Some are seeking paid positions, others volunteer work. Others are ready to finally follow their muse. The age range is from the late 40s to 80, with a median age in the low 60s. Although there is no education requirement to join, 70 percent of members have graduate or professional degrees. “What they have in common is a pent up desire to see what’s in the wider world,” Werley said.
“Many of these women are tired of saying, ‘I am by far the oldest person in the room.’ The Network pushes the reset button. Age is not an issue.”
Chapters may have slightly different profiles, shaped by the local “champions” who founded the chapter. “Some chapters have more retirees. Atlanta has more people still in the work force. Columbus used to be mostly corporate but is now entrepreneurial. The NYC chapter is big enough that it has some of everything,” Werley explained.
Many of the women already belong to organizations and have communities of friends, but TTN, Werley said, puts the members in touch with women they might never have met otherwise, who enrich their lives enormously.
“The world of professional organizations is about success in a profession,” she said. “We help women find what else is out there.”
While TTN’s Web site offers resources, webinars and many ways of connecting, Werley thinks that what really distinguishes TTN are the face-to-face opportunities it provides members, through business programs, peer group meetings, social outings.
Two national meetings are held every other year to bring people from different chapters together. Members who travel are encouraged to meet members in other locations, and TTN is a boon to women who plan to move. “You can tap instantly into a community, which is especially helpful if you’re not working,” Werley observed.
The New York chapter also offers a “Caring Collaborative,” involving 200 volunteers who provide network members, who pay a small fee, with short-term, non-emergency caregiving, like pet care, meal and prescription delivery, hospital visits and escorted medical appointments.
About 60 percent of the membership has come through word-of-mouth. The Network enjoys a lot of media coverage, and a book from TTN – Gail Rentsch’s Smart Women Don’t Retire – They Break Free – has reached a lot of women.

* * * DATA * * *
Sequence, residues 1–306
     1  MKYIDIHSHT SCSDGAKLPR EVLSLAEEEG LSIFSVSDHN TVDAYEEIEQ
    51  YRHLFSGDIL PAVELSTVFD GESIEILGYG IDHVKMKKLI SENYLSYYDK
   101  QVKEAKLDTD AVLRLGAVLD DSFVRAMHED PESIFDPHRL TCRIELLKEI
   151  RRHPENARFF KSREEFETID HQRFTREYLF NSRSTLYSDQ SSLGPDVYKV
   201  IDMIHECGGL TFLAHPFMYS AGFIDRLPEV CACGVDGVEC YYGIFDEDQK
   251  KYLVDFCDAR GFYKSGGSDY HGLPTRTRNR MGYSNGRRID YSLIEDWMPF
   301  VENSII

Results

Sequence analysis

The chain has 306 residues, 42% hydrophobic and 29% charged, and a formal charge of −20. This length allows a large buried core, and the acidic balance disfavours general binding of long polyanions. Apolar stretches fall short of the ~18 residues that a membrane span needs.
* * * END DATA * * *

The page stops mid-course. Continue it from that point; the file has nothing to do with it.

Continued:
Werley, noting that one quarter of America’s educated population is now retired, said she loves “being part of an organization that’s solving one of the big issues of our time…the mission is very important to me, inspiring in a different way.”
“I tell people who might be thinking about non-profits, you acquire so many skills working for Chase – computer skills, best practices in many areas, change management, communicating at different levels. These skills are incredibly valuable to small and medium-sized organizations that don’t have the resources to train people. You’re really valuable to them,” Werley said.
She hopes to add more TTN chapters, to reach 25 in three years. She wants to develop a “transition curriculum” that covers what kinds of things women in transition experience, and how to move through a transition.
“And then I want to take the talent and energy of our members and turn us loose on the larger world,” she said, "to look at the world of work differently, asking if there are new roles, new ways to think about education and how we get ourselves from here to there."
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Werley invites Chase alumnae over 50 to explore TTN: www.thetransitionnetwork.info, and recommends to men and women alike what she calls two seminal books by Marc Freedman: Encore: Finding Work that Matters in the Second Act of Life, and The Big Shift: Navigating the New Stage Beyond Midlife.